Pittsburgh has the distinction of being known as the “poster child for managing industrial transition.” It’s a city that has revitalized its economy and successfully shifted from its Rust Belt past. Primary industries are high tech, such as robotics, nuclear engineering and biomedical technology. Healthcare is very strong. The University of Pittsburgh and Carnegie Mellon University are national leaders in R&D expenditures. In 2013, Pittsburgh was ranked as “America’s Smartest City” out of a survey of the top 100 metropolitan areas.

Butler Gas Products was a player in this critical shift. Research labs, home healthcare companies and small environmental testing labs became an expanding market. With specialty gases in demand by new companies filling the void left by the steel mills, BGP opened a specialty gas lab to mix and sell gases to these new customers. It was a natural progression for BGP to integrate upstream, wholesaling gases to smaller distributors.

Gas sales are diversified into six markets, essentially protecting the company from the challenges of serving just one. These markets include: fabrication, construction, specialty gas, medical, retail, and wholesale and processed gas. All forms of packaged gas, including microbulk and bulk, are available. Nitrogen, methane, argon, acetylene and hydrogen are manufactured, mixed and repackaged on-site. Pure gases up to grade 5/UHP are also available.

Blending Technology and Expertise

Butler Gas Products opened its first specialty gas lab in 1980 after investing in chromatographs. Upgrades made in the 1990s brought the ability to do simple cryogenic mixtures. In 2013, the old lab was completely renovated and expanded to an 8,000 sq. ft. automated specialty gas lab. Designed and built by Weldcoa, BGP’s in-house filling capabilities are fine-tuned for 3500, 4500 and 6000 psi in argon, nitrogen and helium. Specialty mixtures are gravimetrically produced from percent down to ppm concentrations, sourced in-house from up to ten gases.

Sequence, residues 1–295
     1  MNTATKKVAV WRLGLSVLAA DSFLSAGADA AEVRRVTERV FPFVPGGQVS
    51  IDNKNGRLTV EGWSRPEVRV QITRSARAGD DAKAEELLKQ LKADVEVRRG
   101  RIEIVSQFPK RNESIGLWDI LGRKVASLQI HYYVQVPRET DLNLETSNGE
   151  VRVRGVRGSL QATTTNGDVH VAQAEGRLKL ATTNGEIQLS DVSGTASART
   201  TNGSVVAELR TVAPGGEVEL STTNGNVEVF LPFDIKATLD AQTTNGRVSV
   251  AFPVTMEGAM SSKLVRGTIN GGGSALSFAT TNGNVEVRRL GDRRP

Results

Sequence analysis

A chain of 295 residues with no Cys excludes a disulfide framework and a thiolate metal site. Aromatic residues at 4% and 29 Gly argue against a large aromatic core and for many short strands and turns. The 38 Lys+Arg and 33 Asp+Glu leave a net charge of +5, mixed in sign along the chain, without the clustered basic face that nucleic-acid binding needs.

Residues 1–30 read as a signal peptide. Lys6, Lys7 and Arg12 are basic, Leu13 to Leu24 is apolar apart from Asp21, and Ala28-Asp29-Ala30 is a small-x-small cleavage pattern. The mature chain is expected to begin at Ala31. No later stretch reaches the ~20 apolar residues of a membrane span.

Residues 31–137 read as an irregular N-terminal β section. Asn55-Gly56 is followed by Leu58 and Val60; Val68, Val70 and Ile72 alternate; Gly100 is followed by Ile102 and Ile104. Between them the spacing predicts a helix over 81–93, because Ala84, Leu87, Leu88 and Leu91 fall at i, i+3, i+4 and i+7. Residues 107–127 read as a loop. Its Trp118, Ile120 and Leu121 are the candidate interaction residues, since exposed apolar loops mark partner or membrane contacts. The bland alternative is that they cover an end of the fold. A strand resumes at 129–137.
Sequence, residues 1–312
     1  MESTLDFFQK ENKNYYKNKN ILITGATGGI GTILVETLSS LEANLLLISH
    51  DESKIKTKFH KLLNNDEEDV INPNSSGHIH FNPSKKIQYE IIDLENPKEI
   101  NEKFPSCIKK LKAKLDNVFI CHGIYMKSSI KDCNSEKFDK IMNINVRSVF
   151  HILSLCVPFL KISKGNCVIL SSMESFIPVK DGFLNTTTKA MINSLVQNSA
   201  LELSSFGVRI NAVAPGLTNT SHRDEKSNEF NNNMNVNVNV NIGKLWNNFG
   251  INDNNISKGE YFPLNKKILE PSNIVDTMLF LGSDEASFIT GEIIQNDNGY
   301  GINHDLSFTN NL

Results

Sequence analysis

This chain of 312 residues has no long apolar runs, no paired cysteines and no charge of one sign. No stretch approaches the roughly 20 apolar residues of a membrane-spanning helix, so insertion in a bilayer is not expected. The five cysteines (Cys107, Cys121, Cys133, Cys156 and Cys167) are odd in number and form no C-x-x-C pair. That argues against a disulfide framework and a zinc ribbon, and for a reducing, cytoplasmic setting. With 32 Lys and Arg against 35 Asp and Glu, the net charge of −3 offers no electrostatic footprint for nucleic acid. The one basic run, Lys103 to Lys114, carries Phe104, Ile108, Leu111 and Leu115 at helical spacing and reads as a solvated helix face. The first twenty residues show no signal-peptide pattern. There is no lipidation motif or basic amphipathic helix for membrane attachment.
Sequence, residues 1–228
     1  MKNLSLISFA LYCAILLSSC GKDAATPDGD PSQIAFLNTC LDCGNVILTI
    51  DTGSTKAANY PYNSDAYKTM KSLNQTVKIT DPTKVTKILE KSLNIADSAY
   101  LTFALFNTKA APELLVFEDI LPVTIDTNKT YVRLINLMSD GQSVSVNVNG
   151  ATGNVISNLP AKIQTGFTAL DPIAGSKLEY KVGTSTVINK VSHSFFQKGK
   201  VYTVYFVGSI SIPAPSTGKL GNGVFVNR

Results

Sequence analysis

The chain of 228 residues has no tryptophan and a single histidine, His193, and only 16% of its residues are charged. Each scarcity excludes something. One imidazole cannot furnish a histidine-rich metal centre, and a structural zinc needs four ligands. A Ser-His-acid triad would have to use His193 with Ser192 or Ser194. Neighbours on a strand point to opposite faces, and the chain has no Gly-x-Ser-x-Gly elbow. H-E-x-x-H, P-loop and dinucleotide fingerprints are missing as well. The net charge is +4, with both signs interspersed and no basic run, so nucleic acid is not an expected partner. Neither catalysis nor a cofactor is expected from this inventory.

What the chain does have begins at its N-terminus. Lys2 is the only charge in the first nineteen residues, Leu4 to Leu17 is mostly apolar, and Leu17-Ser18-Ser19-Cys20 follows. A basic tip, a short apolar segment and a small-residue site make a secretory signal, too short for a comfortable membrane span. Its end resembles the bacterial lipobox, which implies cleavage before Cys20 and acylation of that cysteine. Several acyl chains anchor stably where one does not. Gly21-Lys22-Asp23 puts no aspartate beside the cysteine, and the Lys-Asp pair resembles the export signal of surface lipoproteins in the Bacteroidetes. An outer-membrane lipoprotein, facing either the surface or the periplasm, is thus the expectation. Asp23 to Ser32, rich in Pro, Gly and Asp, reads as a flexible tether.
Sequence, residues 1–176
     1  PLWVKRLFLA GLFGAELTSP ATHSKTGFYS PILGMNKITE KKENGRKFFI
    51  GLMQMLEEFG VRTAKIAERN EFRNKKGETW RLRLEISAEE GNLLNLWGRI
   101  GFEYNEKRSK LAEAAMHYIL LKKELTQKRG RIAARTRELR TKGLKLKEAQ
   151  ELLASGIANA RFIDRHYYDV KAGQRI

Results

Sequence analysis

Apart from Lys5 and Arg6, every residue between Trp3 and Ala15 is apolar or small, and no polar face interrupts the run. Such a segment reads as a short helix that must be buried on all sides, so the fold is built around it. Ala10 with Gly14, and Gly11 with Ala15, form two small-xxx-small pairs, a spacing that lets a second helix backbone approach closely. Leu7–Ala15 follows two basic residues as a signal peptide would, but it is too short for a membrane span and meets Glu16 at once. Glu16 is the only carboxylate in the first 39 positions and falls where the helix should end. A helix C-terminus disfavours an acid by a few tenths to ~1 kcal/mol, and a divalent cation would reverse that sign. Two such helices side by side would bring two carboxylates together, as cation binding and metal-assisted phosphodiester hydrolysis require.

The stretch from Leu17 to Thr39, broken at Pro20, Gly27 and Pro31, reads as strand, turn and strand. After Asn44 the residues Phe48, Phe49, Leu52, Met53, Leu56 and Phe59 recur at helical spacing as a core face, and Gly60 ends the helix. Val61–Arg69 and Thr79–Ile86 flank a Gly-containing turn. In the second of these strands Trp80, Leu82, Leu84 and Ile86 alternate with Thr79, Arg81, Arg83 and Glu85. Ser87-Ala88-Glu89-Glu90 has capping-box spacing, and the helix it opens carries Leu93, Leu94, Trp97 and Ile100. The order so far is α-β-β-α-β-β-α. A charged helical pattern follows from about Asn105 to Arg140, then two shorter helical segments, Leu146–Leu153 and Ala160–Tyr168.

Being able to deliver when the customer requires the product is a critical demand of the spec gas market. Prior to the automated plant, BGP had to rely on a supplier for some spec gases, pushing lead times out four to six weeks. Now with the ability to fill certain types of mixes in-house, lead times have been reduced to next-day delivery.

Jack Butler acknowledges that the automation has made quite a difference, even for this long-time gas manufacturer. “It is taking our business to the next level,” he says. “Hydrogen, argon, helium and nitrogen are piped into the autocyl, and we can add cylinders of methane and other gases that we don’t have in bulk form. The computer knows where all these gases are, and we just tell the computer to mix this this gas with this gas, and it’s done. The form has been created by Weldcoa and their technical people.”

Investment + Training = Growth

Family is important to the Butlers. Jack’s sisters, Barbara Glessner and Debi Butler, began working for the business in the 1980s. Debi is executive vice president of the company and leads customer satisfaction efforts. Her son, Alex Stentz, joined the company in 2011 after earning a degree in entrepreneurship and management information systems. Alex currently serves as manager of the Pittsburgh store and oversees the software program for the trucking fleet.

Barbara Glessner came to the company with a background in education. She set to work developing training programs for customers and employees and is the brains behind “Butler Gas University.” Now retired, Barbara mentored many young individuals on their way up, including Jack’s daughter, Abydee Butler.

Like his father did for him, Abydee Butler was by her father’s side growing up among the cylinders. As a young child, she attended GAWDA meetings with her parents, and paid attention. She is passionate about the gases and welding industry and never wanted to do anything else. As vice president of Butler Gas Products, she is responsible for marketing, hiring and running Butler Gas University. “I like being able to improve things,” she says, and is on a mission to create a better value perception of the industry. “Industrial doesn’t have to mean hideous,” she says.